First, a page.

Supreme Court Clarifies Tennessee Valley Authority’s Sovereign Immunity in Thacker v Tennessee Valley Authority
In Thacker v Tennessee Valley Authority, 587 U. S. ____ (2019), the U.S. Supreme Court held that 16 U.S.C. §831c(b), which serves to waive the Tennessee Valley Authority’s (TVA) sovereign immunity from suit, is not subject to a discretionary function exception of the kind in the Federal Tort Claims Act. The Court’s decision was unanimous.
Facts of Thacker v Tennessee Valley Authority
The Tennessee Valley Authority (TVA), a Government-owned corporation, provides electric power to millions of Americans. In establishing the TVA under 16 U.S.C. §831c(b), Congress provided that the corporation could “sue and be sued in its corporate name,” thereby waiving at least some of the sovereign immunity from suit that it would have enjoyed as a federal government entity.
Just more than a decade later, Congress waived immunity from tort suits involving agencies across the government in the Federal Tort Claims Act (FTCA), but it carved out an exception for claims based on a federal employee’s performance of a “discretionary function.” Congress specifically excluded from the FTCA’s provisions—including the discretionary function exception—“[a]ny claim arising from the activities of the [TVA].”
In this case, TVA employees were raising a downed power line that was partially submerged in the Tennessee River when petitioner Gary Thacker drove his boat into the area at high speed. Thacker’s boat collided with the power line, seriously injuring him and killing his passenger. Thacker subsequently filed a negligence lawsuit. The TVA moved to dismiss, claiming sovereign immunity, and the District Court granted the motion. Affirming, the Eleventh Circuit used the same test it applies when evaluating whether the Government is immune from suit under the discretionary function exception to the FTCA. It went on to hold that Thacker’s suit was foreclosed because the challenged actions were “a matter of choice.”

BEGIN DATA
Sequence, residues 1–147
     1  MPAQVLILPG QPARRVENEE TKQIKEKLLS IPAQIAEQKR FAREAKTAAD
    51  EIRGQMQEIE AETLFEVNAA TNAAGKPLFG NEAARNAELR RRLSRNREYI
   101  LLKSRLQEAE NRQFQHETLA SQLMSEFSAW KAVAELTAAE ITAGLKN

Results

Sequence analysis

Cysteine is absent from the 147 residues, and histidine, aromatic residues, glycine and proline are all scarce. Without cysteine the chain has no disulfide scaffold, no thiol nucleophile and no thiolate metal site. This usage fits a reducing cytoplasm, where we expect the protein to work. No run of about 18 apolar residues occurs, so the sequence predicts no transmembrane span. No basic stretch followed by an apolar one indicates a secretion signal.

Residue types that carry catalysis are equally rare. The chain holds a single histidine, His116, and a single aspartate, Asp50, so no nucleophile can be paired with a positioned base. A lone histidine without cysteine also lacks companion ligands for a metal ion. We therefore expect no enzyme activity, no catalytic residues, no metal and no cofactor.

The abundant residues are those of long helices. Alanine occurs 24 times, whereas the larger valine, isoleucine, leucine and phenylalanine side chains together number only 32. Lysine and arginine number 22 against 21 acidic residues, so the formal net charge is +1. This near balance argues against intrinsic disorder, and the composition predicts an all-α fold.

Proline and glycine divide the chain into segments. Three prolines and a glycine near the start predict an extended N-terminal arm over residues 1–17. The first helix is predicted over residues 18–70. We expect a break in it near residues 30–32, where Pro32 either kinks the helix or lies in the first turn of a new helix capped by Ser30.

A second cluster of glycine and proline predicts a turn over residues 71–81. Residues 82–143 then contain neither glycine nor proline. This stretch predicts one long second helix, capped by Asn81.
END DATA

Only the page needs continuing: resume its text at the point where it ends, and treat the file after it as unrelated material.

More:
Supreme Court’s Decision in Thacker v Tennessee Valley Authority
The Supreme Court unanimously reversed, holding that the waiver of sovereign immunity in TVA’s sue-and-be-sued clause is not subject to a discretionary function exception, of the kind in the FTCA. Justice Elena Kagan wrote on behalf of the Court.
In reaching its decision, the Court emphasized that the TVA Act contains no exceptions relevant to tort claims, “let alone one turning on whether the challenged conduct is discretionary.” As Justice Kagan explained:
We reject the view, adopted below and pressed by the Government, that the TVA remains immune from all tort suits arising from its performance of so-called discretionary functions. The TVA’s sue-and-be-sued clause is broad and contains no such limit. Under the clause—and consistent with our precedents construing similar ones—the TVA is subject to suits challenging any of its commercial activities. The law thus places the TVA in the same position as a private corporation supplying electricity.
According to the Court, that’s not the end of the story because in Federal Housing Administration v. Burr, 309 U. S. 242 (1940), it recognized that a sue-and-be-sued clause might contain “implied exceptions.” Here, the Court held that the TVA might have immunity from suits contesting one of its governmental activities, of a kind not typically carried out by private parties. The Court remanded the case for consideration of whether the TVA’s limited immunity could apply to the facts of the case.
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Preamble to the Bill of Rights
Congress of the United States begun and held at the City of New-York, on Wednesday the fourth of March, one thousand seven hundred and eighty nine.
THE Conventions of a number of the States, having at the time of their adopting the Constitution, expressed a desire, in order to prevent misconstruction or abuse of its powers, that further declaratory and restrictive clauses should be added: And as extending the ground of public confidence in the Government, will best ensure the beneficent ends of its institution.